Epsomite formation in a New Mexico cave
Category Sulfate mineral
(repeating unit)
Strunz classification 7.CB.40
Dana classification
Crystal system Orthorhombic
Crystal class Disphenoidal (222)
H-M symbol: (2 2 2)
Space group P212121
Unit cell a = 11.86, b = 11.99
c = 6.858 [Å]; Z = 4
Color White, grey, colorless, or pink, greenish
Crystal habit Acicular to fibrous encrustations
Twinning Rarely observed on {110}
Cleavage {010} perfect {101} distinct
Fracture Conchoidal
Mohs scale hardness 2
Luster Vitreous, silky when fibrous
Diaphaneity Transparent to translucent
Specific gravity 1.67 - 1.68
Optical properties Biaxial (-)
Refractive index nα = 1.433 nβ = 1.455 nγ = 1.461
Birefringence δ = 0.028
2V angle Measured: 52°
Solubility In water
Alters to Dehydrates in dry air
References [1][2][3]

Epsomite is a hydrous magnesium sulfate mineral with formula MgSO4·7H2O.

Epsomite crystallizes in the orthorhombic system as rarely found acicular or fibrous crystals, the normal form is as massive encrustations. It is colorless to white with tints of yellow, green and pink. The Mohs hardness is 2 to 2.5 and it has a low specific gravity of 1.67.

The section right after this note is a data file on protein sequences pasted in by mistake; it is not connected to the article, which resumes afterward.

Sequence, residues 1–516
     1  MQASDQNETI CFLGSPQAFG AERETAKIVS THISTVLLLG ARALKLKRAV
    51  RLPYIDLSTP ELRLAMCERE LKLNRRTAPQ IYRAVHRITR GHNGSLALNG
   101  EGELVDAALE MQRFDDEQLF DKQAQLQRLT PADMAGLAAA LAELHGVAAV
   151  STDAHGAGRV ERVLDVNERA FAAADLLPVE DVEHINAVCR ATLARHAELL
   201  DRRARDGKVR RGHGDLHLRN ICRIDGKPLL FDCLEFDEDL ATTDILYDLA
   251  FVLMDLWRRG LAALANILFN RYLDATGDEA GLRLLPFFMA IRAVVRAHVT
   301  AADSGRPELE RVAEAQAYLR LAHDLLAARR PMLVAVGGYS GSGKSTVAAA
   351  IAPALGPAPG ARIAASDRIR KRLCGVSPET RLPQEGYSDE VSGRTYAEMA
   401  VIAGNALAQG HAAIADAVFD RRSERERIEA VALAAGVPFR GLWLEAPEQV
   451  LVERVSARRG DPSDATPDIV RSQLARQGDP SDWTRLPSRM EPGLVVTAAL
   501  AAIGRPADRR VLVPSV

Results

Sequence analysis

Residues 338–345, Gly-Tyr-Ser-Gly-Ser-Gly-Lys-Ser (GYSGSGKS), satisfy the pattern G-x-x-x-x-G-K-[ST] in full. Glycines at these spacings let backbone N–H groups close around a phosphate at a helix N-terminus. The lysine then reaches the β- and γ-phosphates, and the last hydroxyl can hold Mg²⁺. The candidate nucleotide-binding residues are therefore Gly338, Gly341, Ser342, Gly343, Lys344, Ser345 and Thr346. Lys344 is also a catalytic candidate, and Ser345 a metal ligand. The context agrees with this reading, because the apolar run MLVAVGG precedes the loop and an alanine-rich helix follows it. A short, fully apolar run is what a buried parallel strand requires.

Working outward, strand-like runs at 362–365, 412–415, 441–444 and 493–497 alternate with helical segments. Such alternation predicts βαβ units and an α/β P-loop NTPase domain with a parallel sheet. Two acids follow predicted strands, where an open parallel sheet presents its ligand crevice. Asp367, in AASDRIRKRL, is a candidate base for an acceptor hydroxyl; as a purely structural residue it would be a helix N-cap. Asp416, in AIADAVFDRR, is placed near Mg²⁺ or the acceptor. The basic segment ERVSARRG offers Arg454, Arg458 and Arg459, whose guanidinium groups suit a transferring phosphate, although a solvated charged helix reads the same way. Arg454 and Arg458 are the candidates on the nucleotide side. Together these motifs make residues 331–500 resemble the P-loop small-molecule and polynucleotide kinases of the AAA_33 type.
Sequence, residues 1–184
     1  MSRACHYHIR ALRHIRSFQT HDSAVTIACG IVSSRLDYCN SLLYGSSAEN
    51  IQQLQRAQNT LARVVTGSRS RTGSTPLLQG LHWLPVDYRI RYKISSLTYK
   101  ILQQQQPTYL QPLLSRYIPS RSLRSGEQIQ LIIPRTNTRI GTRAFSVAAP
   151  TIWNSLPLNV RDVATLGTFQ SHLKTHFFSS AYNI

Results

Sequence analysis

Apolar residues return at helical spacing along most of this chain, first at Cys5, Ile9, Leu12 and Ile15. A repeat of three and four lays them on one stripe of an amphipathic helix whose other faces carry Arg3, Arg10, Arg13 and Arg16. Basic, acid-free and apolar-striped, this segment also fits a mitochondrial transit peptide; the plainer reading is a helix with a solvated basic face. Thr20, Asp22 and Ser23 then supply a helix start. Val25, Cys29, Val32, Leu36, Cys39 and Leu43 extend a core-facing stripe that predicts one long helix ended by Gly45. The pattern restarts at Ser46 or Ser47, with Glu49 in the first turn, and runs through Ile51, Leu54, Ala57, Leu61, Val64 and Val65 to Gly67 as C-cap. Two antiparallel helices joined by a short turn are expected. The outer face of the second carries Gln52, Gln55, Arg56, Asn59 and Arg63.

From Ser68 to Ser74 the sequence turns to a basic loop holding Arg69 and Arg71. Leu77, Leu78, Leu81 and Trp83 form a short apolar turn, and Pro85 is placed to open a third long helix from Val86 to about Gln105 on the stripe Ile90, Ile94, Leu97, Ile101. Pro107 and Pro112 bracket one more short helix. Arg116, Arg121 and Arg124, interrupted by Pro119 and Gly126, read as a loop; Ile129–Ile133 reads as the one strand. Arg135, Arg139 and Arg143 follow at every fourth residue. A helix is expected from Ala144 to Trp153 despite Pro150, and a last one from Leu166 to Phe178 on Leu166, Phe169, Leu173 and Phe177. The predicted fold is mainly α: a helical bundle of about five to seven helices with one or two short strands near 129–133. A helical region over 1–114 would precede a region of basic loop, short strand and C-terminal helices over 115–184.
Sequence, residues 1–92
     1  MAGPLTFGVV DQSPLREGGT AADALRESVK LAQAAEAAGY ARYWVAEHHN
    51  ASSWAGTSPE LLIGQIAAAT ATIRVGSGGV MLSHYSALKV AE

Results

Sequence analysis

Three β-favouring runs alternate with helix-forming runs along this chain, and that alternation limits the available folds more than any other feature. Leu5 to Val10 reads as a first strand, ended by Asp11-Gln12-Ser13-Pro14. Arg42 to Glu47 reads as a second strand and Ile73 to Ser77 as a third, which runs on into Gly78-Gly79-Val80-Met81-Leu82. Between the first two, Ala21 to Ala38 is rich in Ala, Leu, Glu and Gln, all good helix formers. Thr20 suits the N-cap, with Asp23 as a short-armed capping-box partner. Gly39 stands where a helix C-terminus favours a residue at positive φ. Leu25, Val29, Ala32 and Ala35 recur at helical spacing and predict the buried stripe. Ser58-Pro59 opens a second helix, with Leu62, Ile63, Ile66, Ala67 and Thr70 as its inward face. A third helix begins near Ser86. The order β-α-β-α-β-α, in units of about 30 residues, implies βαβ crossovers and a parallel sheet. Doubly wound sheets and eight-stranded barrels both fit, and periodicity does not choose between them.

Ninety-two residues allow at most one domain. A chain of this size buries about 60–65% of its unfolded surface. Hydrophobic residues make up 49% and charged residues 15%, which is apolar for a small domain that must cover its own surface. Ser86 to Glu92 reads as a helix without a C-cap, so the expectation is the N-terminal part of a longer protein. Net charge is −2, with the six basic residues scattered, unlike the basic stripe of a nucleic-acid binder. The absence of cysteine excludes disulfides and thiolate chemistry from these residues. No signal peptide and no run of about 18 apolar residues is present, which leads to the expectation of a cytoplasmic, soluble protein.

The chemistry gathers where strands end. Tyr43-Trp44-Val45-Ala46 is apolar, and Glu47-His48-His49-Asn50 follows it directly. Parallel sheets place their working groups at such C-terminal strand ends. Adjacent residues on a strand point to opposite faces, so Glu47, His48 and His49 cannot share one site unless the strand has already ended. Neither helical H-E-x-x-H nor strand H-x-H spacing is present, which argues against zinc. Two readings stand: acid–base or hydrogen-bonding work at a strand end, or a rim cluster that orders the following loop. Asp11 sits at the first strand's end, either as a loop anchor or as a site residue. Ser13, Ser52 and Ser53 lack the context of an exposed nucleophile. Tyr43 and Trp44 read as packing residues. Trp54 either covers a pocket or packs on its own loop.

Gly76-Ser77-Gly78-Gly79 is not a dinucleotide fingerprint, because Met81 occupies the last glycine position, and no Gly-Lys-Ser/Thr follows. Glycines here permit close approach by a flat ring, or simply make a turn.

Epsomite is the same as the household chemical, Epsom salt, and is readily soluble in water. It absorbs water from the air and converts to hexahydrate with the loss of one water molecule and a switch to monoclinic structure.

Discovery and occurrence

Epsomite forms as encrustations or efflorescences on limestone cavern walls and mine timbers and walls, rarely as volcanic fumarole deposits, and as rare beds in evaporite layers. It was first systematically described in 1806 for an occurrence near Epsom, Surrey, England, after which it was named. It occurs in association with melanterite, gypsum, halotrichite, pickeringite, alunogen, rozenite and mirabilite.[3]

Related minerals

The epsomite group includes solid solution series with morenosite (NiSO4·7H2O) and goslarite (ZnSO4·7H2O)[2]

Kieserite (MgSO4·H2O) is a less hydrated magnesium sulfate.

Crystal structure of epsomite


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